I have Italian bees. There is lots of pollen coming in. However, the nectar flow in Md is from around April to June.
I did a better inspection yesterday. I found one colony to have to many stoes and the queen filling every empty cell she can find. The other is light on stores. I found out that I had a mouse in the first one. It must have climbed in during a cold night. As the mouse was dead on the bottom board and the bees were covering it will propolis and wax. The plastic foundation was not hurt and a place about 5 inches round was chewed out between 2 combs. Feed is going to the light colony in the morning. Pollen and nector are coming in from Maple and Dandelioins. I am going to have to postpone my split by a week(was planned for the 15th) because there is not enough drones.
How can you give a queen more room in a honey bound colony without having drawn comb? Since I am going to all mediums my hives have different size combs or I would just move honey to fix both colonies.
In a strong colony you can get away with a lot of things like even putting empty foundation in the middle of the brood nest. I usually don't recommend this unless it's strong and you are trying to regress to small cell. The advantage is they will more readily draw small cells in the MIDDLE of the brood nest.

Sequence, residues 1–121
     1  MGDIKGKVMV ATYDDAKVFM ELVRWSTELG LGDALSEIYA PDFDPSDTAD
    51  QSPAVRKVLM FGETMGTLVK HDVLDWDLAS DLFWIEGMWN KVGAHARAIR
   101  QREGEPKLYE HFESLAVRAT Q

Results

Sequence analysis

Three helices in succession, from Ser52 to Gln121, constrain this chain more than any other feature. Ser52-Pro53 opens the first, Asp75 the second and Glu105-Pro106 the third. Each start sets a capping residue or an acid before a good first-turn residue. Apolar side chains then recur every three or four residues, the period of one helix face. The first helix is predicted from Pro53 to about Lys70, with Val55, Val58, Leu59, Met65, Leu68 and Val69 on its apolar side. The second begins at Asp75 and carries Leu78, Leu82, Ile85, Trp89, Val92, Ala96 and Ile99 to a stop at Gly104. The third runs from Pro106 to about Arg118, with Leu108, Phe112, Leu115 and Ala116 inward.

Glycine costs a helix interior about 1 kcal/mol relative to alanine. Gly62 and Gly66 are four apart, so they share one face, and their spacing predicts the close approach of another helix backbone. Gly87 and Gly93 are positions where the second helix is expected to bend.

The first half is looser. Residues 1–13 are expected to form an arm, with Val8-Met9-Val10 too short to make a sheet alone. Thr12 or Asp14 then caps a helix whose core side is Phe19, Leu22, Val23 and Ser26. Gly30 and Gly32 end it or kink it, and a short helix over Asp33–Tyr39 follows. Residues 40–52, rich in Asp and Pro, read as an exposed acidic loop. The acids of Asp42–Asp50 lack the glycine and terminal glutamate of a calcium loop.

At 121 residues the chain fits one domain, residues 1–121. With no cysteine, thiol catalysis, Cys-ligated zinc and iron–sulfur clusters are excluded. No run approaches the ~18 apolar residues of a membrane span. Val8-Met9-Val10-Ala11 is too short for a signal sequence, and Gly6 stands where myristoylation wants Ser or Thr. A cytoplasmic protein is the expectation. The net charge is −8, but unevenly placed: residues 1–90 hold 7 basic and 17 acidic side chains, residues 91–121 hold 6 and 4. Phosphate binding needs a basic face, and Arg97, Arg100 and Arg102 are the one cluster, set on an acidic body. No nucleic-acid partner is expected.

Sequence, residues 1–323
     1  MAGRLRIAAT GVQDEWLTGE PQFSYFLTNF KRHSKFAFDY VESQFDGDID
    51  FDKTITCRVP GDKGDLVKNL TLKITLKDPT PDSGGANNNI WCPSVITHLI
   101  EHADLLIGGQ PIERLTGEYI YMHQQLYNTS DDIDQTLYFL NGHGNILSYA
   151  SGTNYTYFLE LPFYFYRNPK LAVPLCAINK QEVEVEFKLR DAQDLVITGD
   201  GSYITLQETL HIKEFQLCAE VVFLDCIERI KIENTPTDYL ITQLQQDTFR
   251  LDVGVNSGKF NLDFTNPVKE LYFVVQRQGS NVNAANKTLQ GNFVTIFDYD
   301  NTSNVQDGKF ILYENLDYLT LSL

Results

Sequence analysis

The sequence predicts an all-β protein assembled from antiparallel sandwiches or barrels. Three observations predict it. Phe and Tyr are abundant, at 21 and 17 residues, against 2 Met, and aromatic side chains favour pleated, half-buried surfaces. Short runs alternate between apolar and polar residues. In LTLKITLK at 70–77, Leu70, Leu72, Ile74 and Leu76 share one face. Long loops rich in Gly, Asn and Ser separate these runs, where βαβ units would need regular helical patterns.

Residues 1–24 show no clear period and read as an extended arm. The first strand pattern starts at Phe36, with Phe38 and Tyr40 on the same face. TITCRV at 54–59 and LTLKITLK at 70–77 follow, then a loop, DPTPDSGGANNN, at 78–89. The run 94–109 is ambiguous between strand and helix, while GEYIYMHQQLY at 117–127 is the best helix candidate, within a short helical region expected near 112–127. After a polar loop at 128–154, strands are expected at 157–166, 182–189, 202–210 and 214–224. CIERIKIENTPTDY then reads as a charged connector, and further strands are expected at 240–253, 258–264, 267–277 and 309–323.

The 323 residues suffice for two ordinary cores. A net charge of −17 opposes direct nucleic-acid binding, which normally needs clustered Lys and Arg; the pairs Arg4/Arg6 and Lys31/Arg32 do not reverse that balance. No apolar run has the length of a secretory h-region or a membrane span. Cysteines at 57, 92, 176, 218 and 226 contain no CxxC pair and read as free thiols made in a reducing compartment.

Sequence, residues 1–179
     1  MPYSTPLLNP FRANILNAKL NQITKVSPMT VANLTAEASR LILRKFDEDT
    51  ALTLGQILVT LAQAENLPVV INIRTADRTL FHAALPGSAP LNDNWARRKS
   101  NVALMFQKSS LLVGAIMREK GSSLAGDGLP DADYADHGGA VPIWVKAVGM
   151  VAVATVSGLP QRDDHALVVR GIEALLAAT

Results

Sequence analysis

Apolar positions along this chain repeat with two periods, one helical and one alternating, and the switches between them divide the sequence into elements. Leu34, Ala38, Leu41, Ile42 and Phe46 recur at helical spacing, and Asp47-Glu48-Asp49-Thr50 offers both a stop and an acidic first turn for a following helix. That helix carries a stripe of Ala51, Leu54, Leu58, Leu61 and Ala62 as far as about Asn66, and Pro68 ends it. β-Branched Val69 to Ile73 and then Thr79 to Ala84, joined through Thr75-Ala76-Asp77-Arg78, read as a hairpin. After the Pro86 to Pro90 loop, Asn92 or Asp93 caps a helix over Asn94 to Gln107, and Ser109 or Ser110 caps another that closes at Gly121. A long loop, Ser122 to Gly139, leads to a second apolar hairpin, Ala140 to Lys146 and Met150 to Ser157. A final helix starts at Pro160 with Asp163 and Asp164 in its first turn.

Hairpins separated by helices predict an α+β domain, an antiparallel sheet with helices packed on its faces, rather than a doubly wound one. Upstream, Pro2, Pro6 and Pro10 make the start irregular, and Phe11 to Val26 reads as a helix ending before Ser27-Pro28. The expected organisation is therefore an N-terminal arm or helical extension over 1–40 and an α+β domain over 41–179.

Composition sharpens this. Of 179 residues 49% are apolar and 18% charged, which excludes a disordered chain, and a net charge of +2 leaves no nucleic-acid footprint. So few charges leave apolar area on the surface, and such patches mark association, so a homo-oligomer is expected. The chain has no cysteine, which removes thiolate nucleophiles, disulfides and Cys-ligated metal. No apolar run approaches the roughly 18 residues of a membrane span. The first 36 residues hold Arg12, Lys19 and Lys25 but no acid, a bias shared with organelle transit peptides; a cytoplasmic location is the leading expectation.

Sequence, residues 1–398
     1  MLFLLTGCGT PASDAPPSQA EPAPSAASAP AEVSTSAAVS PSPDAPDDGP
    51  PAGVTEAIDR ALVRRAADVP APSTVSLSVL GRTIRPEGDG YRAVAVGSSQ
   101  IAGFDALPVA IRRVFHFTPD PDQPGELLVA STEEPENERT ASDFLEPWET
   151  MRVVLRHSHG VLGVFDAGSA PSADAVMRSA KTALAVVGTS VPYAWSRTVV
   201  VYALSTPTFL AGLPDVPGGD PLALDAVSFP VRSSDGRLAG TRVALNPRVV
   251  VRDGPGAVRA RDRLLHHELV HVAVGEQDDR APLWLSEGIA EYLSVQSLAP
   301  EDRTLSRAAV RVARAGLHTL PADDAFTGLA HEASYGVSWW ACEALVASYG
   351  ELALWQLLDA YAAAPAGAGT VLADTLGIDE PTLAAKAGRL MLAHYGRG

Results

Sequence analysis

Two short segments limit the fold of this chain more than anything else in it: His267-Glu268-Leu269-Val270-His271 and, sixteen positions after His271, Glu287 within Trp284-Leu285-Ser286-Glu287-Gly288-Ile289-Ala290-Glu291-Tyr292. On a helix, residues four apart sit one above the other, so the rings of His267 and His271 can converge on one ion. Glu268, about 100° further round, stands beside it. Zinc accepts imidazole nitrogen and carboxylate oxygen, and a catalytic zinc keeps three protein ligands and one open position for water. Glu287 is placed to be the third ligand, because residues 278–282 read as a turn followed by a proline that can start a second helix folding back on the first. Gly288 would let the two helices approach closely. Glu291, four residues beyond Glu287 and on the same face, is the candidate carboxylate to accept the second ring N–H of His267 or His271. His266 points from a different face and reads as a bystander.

But if you aren't trying to regress, you can add empty foundation to the edge of the brood nest. Basically, from a bees perspective, the brood next extends to the first capped honey in any direction. So you can just add it on the outside edge of that, meaning there may be some open honey between the empty frame and the brood.
Another way to expand the brood nest is to simply uncap some of that capped honey that is defining the boundries. The bees will much more readily move uncapped honey than capped and it gives them the opportunity to move it out of the way to make room for the queen to lay. Assuming of course, that there is somewhere else in the hive to move it to.
>>simply uncap some of that capped honey that is defining the boundries. The bees will much more readily
Ya, almost overnight in a populous hive